Post 4: Practice Sales Call/Think, Prepare, Rehearse

This week, I had a practice sales call with an IBM executive who used to be a field seller. This is a training technique that IBM widely uses to train their sales consultants, as the coaching from an experience field seller is priceless. IBM has a motto for how to prepare for major presentations/calls like these and that is “Think. Prepare. Rehearse”. That is exactly what I did to prepare my sales call. My example case set the client to be JC Penney, with the client executive being the VP of Digital Marketing at JC Penney. I thought about how I wanted to structure my call, prepared by researching on the current state of the retail industry, JC Penney’s market share within brick and mortar store retailers as well as their presence online, researched the role that the VP of digital marketing would potentially have, and rehearsed my call by using my network and doing a role play sales call with one of my full-time mentors.

 

Not only did this process of “Think, Prepare, Rehearse” sufficiently provide me with all the steps I needed to succeed, but it was a mental reassurance and peace of mind I gained through the preparation that made me feel prepared and ready for success. The call was indeed extremely successful, my summit executive’s feedback reflected that I sounded trustworthy, my call sounded extremely natural and unscripted, and that I did a good job of storytelling in order to convey the value proposition that IBM could bring to the table for JC Penney. I was extremely pleased to hear such positive feedback especially after putting in so much work to prepare for my mock sales call.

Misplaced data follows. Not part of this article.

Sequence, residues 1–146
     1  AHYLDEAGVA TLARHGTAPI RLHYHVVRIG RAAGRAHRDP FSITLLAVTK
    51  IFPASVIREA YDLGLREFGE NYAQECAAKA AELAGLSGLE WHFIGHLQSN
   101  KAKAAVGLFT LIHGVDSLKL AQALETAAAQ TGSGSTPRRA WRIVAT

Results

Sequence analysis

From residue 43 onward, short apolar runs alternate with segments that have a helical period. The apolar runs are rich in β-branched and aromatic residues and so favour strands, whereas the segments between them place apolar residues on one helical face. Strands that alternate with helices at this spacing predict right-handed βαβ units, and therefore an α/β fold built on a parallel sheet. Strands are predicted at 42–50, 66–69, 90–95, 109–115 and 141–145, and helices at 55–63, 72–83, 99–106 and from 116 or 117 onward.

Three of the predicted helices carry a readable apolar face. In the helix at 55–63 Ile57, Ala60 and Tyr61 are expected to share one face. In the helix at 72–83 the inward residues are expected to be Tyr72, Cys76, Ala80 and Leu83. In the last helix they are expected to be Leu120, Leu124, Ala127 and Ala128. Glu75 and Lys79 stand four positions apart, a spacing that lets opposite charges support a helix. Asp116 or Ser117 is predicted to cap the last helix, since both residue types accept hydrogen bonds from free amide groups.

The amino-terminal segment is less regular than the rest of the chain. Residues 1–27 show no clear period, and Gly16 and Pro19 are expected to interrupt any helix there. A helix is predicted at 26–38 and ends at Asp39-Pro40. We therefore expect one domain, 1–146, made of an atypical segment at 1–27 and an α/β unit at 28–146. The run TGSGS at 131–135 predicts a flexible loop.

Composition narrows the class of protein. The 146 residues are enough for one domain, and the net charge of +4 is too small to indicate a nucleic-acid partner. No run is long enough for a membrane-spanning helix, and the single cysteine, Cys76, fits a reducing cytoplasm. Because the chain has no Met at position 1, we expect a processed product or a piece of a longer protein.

One thought on “Post 4: Practice Sales Call/Think, Prepare, Rehearse

  • July 24, 2018 at 8:57 am
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    Hi Aerielle – It sounds as though your practice sales call gave you a well-deserved sense of accomplishment! I really admire your willingness to engage with IBM’s preparation structure, and I’m glad that you noticed the difference, not only in the outcome of the call and the positive feedback you received, but also in the mental reassurance and peace of mind with which you approached it. Hopefully you are finding that the more you practice other elements of your work with IBM, the more relaxed and confident you are feeling about it. As in your last post, I’m curious to know how this experience is influencing your sense of what you want to do next. Do you have any interest in going into sales?

    Take care,
    Kate

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